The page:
The roller coaster hundreds of out-of-work Powder River Basin miners have been riding for nearly 90 days came to another peak Wednesday afternoon when Contura Energy Corp. announced it found a new owner for a pair of sidelined Campbell County coal mines.
Contura says it has an agreement that will allow Eagle Specialty Materials LLC, an affiliate of Alabama-based FM Coal LLC, to take over ownership and operate the Belle Ayr and Eagle Butte coal mines, which have been shuttered since July 1.
Under the agreement, Contura will pay Eagle Specialty Materials $90 million to take over the mines. Contura also will pay Campbell County $13.5 million of the $15.1 million it was assessed in back ad valorem taxes, according to a Contura press release announcing the deal. Eagle will pay the county the other $1.6 million through a royalty on tons produced when the mines reopen.
That’s on top of Contura’s $33.75 million bid to buy the mines from bankrupt Blackjewel LLC, along with the Pax Surface Mine in West Virginia.
Eagle also will make a “specified cash payment” to Blackjewel, which wasn’t given, and assume Contura’s $237 million worth of reclamation obligations for the Powder River Basin mines. It also will pay off other Blackjewel debts related to its bankruptcy, including unpaid royalties, taxes and Abandoned Mine Land fees.
The deal is subject to completing agreements with other private and government interested parties and approval by the U.S. Bankruptcy Court, but if it goes through, Eagle Specialty Materials reportedly plans to operate the mines on a long-term basis.
By agreeing to pay FM Coal such a large amount to take over the mines and assume the reclamation debt shows Contura wants to wash its hands of its involvement with Eagle Butte and Belle Ayr once and for all, said Rob Godby, director of the Center for Energy Economics and Public Policy at the University of Wyoming College of Business.
“What this does is make it very clear that for $100 million-plus, Contura is buying their way out of any obligation for reclamation,” he said. “Basically, this is paying the other guy to take things over.”
He also said it could be a strategic business move by Contura to try and prop up its stock, which has plummeted by about 50% since July 1 because of the company’s association with Blackjewel. Contura originally owned the mines before turning them over to Blackjewel in December 2017. Contura was still on the hook for the reclamation of the mines because the state of Wyoming declined to transfer its permit to Blackjewel.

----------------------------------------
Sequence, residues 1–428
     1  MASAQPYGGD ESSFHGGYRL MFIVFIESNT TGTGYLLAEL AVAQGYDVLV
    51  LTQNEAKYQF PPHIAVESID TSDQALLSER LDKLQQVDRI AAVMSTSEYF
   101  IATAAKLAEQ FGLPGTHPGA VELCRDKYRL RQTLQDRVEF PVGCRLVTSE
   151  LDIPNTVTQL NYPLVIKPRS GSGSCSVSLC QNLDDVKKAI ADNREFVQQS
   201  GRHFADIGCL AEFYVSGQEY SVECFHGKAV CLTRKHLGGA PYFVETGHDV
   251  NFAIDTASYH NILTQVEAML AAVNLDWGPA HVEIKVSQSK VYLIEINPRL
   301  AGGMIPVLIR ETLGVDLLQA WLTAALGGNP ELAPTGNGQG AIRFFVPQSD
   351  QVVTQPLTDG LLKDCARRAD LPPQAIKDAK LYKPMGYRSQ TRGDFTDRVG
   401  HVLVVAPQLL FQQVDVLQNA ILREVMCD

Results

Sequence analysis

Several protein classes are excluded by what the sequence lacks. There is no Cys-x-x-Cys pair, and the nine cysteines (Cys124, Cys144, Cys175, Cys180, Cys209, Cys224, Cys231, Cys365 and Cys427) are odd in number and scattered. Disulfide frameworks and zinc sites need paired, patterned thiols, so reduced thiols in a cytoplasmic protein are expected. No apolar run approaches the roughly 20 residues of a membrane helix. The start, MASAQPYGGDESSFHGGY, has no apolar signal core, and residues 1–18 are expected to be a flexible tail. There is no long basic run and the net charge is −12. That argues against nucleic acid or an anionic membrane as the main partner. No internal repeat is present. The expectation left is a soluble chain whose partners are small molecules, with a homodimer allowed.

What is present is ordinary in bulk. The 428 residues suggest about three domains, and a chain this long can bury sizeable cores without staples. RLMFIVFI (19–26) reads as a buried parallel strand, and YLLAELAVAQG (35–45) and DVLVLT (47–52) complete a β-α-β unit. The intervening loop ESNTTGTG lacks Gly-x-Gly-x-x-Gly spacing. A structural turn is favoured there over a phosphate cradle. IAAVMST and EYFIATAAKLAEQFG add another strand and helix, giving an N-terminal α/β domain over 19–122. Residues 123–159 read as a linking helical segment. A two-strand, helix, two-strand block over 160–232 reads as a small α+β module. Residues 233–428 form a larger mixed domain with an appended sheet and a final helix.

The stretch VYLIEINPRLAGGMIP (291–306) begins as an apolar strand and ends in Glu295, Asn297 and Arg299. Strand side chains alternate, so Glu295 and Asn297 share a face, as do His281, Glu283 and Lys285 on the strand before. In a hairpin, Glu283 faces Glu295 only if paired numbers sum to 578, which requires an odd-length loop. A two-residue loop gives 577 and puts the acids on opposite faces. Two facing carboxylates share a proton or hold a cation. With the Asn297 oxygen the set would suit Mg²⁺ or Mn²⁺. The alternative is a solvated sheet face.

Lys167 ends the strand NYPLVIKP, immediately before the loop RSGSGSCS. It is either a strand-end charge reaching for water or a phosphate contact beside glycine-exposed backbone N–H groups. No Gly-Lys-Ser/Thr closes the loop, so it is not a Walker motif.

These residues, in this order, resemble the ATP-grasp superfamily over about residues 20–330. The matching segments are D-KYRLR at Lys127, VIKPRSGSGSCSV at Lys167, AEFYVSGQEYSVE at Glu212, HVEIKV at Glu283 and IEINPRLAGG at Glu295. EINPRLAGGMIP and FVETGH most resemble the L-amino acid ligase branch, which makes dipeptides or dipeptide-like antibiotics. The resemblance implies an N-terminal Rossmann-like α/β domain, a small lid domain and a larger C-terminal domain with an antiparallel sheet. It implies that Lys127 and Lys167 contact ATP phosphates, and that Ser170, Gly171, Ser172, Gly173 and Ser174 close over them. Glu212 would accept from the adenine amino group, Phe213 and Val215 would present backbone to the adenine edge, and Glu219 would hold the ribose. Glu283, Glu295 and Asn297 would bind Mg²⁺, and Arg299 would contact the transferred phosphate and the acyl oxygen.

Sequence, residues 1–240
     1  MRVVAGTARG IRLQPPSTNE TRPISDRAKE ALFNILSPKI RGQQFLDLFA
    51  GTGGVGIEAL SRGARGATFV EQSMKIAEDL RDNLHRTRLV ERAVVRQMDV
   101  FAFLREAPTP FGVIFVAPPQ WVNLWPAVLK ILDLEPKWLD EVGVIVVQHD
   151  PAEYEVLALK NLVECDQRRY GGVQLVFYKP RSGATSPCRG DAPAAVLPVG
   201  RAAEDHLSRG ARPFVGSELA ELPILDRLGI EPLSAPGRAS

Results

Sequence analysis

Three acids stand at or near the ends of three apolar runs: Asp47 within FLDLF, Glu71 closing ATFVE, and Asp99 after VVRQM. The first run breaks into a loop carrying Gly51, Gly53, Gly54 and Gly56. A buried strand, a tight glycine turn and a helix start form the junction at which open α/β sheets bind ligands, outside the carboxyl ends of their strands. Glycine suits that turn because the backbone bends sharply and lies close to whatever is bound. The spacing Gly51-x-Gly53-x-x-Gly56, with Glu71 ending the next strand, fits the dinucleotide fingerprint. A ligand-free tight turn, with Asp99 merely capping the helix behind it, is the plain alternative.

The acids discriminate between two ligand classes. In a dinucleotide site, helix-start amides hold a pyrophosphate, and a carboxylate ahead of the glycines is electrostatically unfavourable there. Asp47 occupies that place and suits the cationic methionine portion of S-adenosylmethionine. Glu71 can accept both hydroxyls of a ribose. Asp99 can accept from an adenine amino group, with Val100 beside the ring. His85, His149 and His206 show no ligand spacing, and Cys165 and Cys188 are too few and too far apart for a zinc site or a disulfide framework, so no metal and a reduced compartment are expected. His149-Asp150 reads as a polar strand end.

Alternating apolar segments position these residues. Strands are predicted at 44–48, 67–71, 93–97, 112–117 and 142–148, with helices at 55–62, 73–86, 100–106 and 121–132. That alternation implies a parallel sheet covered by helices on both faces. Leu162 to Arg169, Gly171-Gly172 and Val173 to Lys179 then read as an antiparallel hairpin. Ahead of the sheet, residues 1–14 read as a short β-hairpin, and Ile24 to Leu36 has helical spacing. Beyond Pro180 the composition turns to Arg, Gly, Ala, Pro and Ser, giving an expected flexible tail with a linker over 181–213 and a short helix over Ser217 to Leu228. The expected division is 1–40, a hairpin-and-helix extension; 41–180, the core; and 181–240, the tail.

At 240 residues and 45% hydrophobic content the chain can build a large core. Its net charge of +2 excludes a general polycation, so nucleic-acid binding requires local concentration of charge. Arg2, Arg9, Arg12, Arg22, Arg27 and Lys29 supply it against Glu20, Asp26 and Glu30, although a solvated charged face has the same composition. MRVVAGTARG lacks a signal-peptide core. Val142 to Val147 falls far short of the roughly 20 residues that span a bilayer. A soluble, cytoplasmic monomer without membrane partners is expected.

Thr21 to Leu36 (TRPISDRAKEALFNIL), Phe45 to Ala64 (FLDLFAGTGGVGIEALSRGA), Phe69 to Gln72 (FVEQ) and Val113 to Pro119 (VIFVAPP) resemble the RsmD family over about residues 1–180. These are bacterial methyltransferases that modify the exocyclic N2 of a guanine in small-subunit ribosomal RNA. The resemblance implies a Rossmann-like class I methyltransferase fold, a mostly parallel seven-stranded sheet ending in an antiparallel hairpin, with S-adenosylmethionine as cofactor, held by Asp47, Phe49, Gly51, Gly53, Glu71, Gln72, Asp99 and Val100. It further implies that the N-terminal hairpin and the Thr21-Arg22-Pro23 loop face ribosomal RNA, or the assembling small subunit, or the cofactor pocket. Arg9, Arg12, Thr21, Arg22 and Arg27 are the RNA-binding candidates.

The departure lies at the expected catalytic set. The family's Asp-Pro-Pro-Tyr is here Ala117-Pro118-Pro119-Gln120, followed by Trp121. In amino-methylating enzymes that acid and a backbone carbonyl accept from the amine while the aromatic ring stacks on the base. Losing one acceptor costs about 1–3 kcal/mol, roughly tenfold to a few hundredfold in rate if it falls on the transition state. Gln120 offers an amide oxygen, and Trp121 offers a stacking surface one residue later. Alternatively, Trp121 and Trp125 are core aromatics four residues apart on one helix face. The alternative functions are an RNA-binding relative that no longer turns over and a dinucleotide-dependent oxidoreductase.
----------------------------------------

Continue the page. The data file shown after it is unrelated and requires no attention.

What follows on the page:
Contura has been seeking a deal with the federal government over unpaid royalties and coal leases since it was approved as the winning bidder for the mines, which were sold by Blackjewel LLC through a bankruptcy auction. That approval was given by the court Aug. 6.
Contura’s agreement with Eagle will potentially allow it to reopen the mines and begin mining and selling coal.
“We’ve been clear that operating long-term in the PRB was not in Contura’s strategic plans and that the best possible outcome for all interested parties would be for another responsible operator to step up that was interested in doing just that,” said David Stetson, Contura’s chairman and chief executive officer in a statement announcing the deal.
“We are extremely pleased that this deal outlines a path to relieve Contura from any go-forward liabilities related to these assets, while also providing long-term employment opportunities for hard-working miners and ongoing revenue to local, state and federal governments,” he said.
Workers not sold
When the mines were closed by Blackjewel, nearly 600 Wyoming coal miners were abruptly put out of work, along with about 1,100 workers at dozens of other operations in Appalachia.
While the news may be promising on the surface, more than 10 weeks of unemployment and the overall bankruptcy process has left many Wyoming coal miners at bit jaded. Over the past 81 days, they’ve been teased several times about possibly being recalled, are still owed back wages and other payments to their 401(k) and health savings accounts that were never made and had their health insurance terminated.
Also, as of Thursday, many are no longer officially employed by the mines. Sept. 19 is the deadline Blackjewel for miners to say either they’d be willing to return if or when the mines were to reopen. Those who havent said yes have, in effect, resigned, the company said.